Becoming Fat Adapted — What It Means and How To Do It
Jumping into the Carnivore Diet at the end of February 2022 meant a lot of studying, learning, asking questions, and figuring out how our lives would change. A huge part of that was what it means and how to become fat-adapted. I’m leaning on the experts here — so there are links to full posts from the information I’ve gathered. My goal was to present this from many sources, in a way that made more sense to me, so that hopefully it would save you all the research.
Most of the articles are from Keto enthusiasts, which I am not. Ketosis and fat burning CAN go together, however, they don’t need to. Your body can be fat-adapted regardless of if you track ketones, or follow the Keto Diet. I follow the Carnivore Diet and fat-adaptation works the same minus discussing ketones.
This post bridges the gap between “normal weight” and the weight gain issue I had, including what i did to try to “fix” it for the past 3 1/2 years prior to starting the Carnivore diet
Dane was awesome about sharing his story as well!
What Is Fat Adaptation and How Do You Get It?
The short story of fat adaptation is it’s your body’s ability to burn fat as a fuel source, which is the most energy-efficient way our body can not only use energy but save energy as well. Carbs (and sugar) — what most people use for energy — elevates blood sugar levels which raise insulin and promote fat gain. Not the best cycle, although the most common in the Western world. It also doesn’t last long as an energy source, isn’t as efficient, and causes inflammation.
When you’re fat-adapted, you don’t need a steady stream of carbs (glucose) to power your day. This is an important point. When you’re fat-adapted, you can handle a carb load and rapidly return to burning fat once blood sugar and insulin levels subside. Many athletes eat carbs and/or fruit on high-intensity workout days, for example.
What Happens When You Become Fat Adapted? How Do You Know It’s Happening?
Lowering your carbs, increasing fat, fasting, and exercising are all ways to become fat adapted. The bottom line is, your fat-adaptation time depends on your genes, proclivity for fasting, dietary choices, and a host of other factors. An athlete may take hours, while a couch potato may take months, so don’t get discouraged. Most information says the fat-adaptation process takes anywhere between 4–12 weeks. If that seems like a long time, remember the time will pass whether you’re working towards this or not, so any time you jump on is a good time.
- Losing body fat. At first you drop water weight and then you lose weight while you’re still becoming fat adapted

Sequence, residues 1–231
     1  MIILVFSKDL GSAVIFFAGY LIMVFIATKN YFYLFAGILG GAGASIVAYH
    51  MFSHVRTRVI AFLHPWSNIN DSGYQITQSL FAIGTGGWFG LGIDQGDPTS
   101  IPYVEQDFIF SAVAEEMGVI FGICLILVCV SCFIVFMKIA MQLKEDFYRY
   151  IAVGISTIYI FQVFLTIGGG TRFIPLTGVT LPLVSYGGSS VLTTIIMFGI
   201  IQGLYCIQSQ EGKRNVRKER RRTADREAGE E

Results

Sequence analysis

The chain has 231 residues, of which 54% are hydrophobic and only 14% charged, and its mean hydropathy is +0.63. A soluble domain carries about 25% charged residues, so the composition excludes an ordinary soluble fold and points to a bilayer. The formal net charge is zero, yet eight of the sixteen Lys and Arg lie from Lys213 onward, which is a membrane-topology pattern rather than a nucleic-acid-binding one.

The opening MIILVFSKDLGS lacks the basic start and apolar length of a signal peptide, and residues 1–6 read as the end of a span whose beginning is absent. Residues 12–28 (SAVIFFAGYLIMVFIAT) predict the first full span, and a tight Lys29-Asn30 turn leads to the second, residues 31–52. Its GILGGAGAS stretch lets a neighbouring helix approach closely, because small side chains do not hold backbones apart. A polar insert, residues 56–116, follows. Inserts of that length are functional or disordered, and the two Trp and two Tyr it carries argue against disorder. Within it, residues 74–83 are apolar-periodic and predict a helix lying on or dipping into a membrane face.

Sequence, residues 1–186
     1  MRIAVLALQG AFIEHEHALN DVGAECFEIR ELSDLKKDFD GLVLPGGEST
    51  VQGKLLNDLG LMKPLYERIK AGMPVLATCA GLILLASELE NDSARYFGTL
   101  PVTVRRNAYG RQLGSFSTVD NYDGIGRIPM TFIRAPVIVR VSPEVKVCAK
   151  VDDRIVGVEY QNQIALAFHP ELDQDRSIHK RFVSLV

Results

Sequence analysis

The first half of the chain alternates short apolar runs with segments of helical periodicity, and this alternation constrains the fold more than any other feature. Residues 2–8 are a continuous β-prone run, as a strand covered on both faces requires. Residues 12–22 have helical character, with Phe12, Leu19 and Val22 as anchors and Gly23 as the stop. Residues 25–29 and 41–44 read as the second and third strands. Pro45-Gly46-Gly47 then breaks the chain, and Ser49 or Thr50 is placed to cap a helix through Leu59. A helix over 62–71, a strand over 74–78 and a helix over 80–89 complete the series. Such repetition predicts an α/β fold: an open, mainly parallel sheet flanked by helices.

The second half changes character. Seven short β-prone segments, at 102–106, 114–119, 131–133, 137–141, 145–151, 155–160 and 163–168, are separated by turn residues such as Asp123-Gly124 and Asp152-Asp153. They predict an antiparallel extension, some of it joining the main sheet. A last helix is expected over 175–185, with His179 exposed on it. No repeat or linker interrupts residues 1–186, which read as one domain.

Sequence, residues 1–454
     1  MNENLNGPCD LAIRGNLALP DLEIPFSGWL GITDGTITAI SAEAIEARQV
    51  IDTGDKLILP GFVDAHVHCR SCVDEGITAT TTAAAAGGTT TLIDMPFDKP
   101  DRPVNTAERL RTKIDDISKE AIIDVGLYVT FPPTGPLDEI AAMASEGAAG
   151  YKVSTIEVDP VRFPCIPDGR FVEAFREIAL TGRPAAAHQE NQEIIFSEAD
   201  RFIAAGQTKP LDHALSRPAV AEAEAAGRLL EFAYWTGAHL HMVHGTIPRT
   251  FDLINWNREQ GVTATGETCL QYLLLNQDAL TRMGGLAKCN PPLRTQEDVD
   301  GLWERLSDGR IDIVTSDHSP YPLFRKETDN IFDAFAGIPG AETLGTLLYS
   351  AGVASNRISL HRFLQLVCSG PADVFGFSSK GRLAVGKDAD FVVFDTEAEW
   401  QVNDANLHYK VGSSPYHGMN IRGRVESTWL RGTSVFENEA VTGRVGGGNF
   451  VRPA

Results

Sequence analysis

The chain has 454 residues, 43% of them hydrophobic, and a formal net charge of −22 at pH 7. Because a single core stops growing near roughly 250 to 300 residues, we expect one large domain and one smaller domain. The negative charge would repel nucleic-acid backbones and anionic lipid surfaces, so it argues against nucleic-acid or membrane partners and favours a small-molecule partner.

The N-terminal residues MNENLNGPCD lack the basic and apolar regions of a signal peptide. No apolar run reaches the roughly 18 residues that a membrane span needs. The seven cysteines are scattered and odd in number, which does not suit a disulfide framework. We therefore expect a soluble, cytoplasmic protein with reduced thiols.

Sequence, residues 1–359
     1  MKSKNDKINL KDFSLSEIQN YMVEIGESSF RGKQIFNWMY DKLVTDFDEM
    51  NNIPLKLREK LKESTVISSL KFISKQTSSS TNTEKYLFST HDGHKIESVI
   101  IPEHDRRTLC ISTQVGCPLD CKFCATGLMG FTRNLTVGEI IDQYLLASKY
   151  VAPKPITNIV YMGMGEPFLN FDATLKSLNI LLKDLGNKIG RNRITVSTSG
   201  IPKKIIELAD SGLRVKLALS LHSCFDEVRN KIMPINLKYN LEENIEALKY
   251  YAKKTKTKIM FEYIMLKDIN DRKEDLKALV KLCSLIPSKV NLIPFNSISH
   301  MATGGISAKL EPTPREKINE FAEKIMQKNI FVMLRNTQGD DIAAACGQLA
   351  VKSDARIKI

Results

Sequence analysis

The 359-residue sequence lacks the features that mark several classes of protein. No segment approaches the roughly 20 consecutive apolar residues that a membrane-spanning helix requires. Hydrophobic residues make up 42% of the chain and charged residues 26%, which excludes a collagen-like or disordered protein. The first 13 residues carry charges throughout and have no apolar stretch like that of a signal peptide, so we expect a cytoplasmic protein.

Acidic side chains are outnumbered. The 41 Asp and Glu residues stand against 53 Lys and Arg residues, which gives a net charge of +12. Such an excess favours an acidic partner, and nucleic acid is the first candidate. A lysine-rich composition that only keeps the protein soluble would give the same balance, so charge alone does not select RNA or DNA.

- Better sleep. This can get worse before it gets better, and it does get better. Hang in there
- Craving control. Compared to carbohydrates, fat fills you up better and cravings for carbs and sugar reduce
- You need less food. I see this a lot. After fat-adapting, folks naturally adjust to a lower caloric load. Hunger hormones are partly responsible, but the body also gets more efficient at using fat over time. It’s challenging for some people to stop relying on calories, macros or weighing food
- Steady energy. Being fat-adapted means relying less on sugar, and more on fatty acids, for energy production. Fat is a more stable energy source.
- Mental performance. A fat-adapted brain creates less oxidative stress. It’s like upgrading to a car that drives faster and emits less exhaust.
- Endurance capacity. Fat-adaptation uses fat as fuel, so your reserve tank stays full for longer during endurance exercise.
Some of these were easy for me to notice, whereas others weren’t. Prior to the Carnivore diet, I didn’t eat many carbs and rarely consumed sugar, I’m not a “snacker”, so my cravings weren’t going away — I rarely have them.
Better sleep, not being hungry between meals, losing weight, and not needing as much food to feel satiated along with consistent energy throughout the day (no crashes) were things that were easy for me to notice.
Mental clarity and better endurance were slower and more difficult to know when I “arrived” because it’s not like flipping a switch. I didn’t have extreme issues prior, as an athlete building endurance is always something I’m working on, and fat loss — I watched the scale slowly go down but did that mean I was fat-adapted?
“Fat adaptation is the state in which the metabolism burns fat as its primary source of energy… Fat adaptation is an ongoing state. As long as your body is fully adjusted to burning fat instead of carbs, you’re considered fat adapted, and you can remain so in the long term by consistently staying low carb.
…”we “teach” our formerly carb adapted bodies to thrive in the absence of carbs. There are telltale signs that show us we’ve successfully learned.”
Fat adaptation has been available to us since the dawn of humanity, but carb culture has made us forget. When you’ve accessed it, there will be no denying the feeling of wellness in every area of your life. I can say — because I tracked the process on a calendar and blog post — that I noticed small things often. The bumps on my arms and thighs went away, eczema under my wedding ring cleared up, my skin looked better, I easily drank 80 ounces of water a day, my lack of sleep and hot flashes initially became much worse and were then significantly better, I had an overall sense of calm and I didn’t feel wiped out around 2–3 in the afternoon.
After 30+ days, I know I’m NOT fat-adapted — YET — and I also know it will happen. I do feel the shift in many areas which is not only encouraging, it means you begin to feel better in a short amount of time. Some things get worse before they get better, and you FEEL it getting better, which I loved. Even though it takes time to become completely fat-adapted, your journey to an overall amazing feeling of wellness begins on day one.
What results have you had?